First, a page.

This Sunday The Jazz River traverses the tributaries of Celtic music, a music not normally associated with Jazz. It’s a nice challenge to put the show together. While the Celtic people inhabited parts of western Europe as tribes as early as the 7th or 8th century BC, and they no doubt made their own music, as we’ve come to understand it, Celtic music dates back to the 1600s. Principal instruments include flutes, harps, violins, bagpipes, guitars, and hand drums, along with others. Musically, Celtic music differs from other types because it isn’t played in harmony but rather by ensembles using the melody instruments to play in octaves.
Major countries producing the majority of Celtic musicians include the British Isles, western parts of France as well as the Galicia and Asturias regions of Spain. But there are fascinating cross-pollinations happening fusing Celtic with African, Jamaican, and yes, even Jazz.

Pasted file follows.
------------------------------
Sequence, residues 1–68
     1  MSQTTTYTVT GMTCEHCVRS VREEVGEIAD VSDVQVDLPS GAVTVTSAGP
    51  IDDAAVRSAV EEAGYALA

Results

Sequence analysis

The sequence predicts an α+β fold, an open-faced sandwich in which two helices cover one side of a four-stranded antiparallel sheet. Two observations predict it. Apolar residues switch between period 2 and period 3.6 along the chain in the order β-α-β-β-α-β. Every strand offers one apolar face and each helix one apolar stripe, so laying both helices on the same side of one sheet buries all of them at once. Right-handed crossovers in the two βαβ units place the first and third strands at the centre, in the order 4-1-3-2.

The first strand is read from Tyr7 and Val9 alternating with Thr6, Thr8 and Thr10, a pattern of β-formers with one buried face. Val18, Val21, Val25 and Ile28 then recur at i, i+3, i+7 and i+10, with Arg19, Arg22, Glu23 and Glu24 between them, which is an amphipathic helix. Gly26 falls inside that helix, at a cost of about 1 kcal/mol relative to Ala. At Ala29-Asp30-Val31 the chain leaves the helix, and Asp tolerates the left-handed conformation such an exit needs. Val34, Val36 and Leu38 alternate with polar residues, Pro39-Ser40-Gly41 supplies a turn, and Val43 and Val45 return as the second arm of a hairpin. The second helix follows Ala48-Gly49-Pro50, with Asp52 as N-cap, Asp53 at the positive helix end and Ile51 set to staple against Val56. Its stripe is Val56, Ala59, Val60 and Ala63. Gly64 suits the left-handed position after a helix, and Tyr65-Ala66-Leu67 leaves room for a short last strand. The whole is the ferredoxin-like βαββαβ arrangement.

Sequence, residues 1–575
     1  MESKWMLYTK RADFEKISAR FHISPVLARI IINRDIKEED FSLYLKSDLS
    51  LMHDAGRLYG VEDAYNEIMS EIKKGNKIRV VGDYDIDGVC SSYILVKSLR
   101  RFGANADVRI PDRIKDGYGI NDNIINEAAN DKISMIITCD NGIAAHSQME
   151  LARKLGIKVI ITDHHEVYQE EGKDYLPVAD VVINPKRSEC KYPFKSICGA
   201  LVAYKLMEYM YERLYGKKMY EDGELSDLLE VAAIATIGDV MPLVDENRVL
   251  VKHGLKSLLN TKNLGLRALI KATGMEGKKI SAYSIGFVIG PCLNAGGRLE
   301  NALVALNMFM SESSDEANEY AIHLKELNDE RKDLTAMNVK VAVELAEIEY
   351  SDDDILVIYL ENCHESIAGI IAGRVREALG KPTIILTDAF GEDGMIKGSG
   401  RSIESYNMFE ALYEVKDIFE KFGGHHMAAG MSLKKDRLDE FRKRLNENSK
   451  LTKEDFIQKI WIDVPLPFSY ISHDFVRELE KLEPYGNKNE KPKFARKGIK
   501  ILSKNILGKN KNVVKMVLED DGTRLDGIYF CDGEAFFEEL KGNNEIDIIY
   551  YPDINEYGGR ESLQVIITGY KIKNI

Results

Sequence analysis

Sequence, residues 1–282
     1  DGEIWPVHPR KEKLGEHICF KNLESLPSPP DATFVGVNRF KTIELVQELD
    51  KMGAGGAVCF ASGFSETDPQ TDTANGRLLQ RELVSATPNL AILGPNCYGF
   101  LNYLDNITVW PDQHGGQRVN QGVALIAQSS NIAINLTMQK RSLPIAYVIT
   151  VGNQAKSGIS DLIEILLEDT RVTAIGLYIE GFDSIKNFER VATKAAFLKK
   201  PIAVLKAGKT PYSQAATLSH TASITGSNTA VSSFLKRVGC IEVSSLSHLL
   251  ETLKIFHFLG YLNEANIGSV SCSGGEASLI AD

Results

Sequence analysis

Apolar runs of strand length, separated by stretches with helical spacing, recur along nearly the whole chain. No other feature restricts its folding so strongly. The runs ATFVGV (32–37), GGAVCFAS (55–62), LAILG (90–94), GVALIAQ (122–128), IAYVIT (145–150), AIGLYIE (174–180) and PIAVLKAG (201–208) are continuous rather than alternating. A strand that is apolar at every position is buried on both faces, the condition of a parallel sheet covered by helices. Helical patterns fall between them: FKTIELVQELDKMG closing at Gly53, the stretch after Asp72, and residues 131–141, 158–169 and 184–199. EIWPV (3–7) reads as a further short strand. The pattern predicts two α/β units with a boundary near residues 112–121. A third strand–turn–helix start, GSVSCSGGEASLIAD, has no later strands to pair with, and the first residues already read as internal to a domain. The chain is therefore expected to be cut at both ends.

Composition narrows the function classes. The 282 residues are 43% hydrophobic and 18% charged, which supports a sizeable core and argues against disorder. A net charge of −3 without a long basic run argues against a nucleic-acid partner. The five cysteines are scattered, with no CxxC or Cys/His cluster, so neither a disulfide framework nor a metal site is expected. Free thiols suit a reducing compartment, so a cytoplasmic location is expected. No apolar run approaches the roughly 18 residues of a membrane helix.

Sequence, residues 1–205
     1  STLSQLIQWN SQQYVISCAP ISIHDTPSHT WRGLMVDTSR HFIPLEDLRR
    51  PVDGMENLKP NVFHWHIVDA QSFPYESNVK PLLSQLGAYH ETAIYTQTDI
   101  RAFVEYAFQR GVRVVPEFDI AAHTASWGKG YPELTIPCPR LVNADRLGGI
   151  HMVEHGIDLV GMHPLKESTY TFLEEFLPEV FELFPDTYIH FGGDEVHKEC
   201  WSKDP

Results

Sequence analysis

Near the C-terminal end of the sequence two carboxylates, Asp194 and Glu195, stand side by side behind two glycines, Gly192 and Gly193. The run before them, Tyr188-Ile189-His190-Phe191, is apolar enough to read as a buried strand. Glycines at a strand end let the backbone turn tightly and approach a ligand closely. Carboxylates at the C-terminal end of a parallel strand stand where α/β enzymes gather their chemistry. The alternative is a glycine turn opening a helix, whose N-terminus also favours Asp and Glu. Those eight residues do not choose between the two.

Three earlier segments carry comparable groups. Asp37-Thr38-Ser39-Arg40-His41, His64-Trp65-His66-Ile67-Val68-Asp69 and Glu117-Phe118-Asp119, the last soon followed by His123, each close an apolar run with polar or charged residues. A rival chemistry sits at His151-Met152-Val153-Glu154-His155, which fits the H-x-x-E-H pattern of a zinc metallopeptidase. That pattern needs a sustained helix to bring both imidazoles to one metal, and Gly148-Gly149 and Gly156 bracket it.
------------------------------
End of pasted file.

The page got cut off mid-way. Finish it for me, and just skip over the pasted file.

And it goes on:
Not surprisingly, Celtic music had a strong influence on the development of both American folk and country music. It also differs from jazz inasmuch as it doesn’t employ blue notes, rarely uses minor keys, and while there is improvisation, its flights of imagination are bound within tighter structures than jazz. Still, listen closely and Celtic music lends itself to jazz accents as well as its shared interest in drawing from different influences from the wider world. This makes it a perfect stopover along The Jazz River.
Tune in Sunday, October 31, at 5 pm, when The Jazz River takes you deep into the Celtic World. Only on KUVO Jazz.
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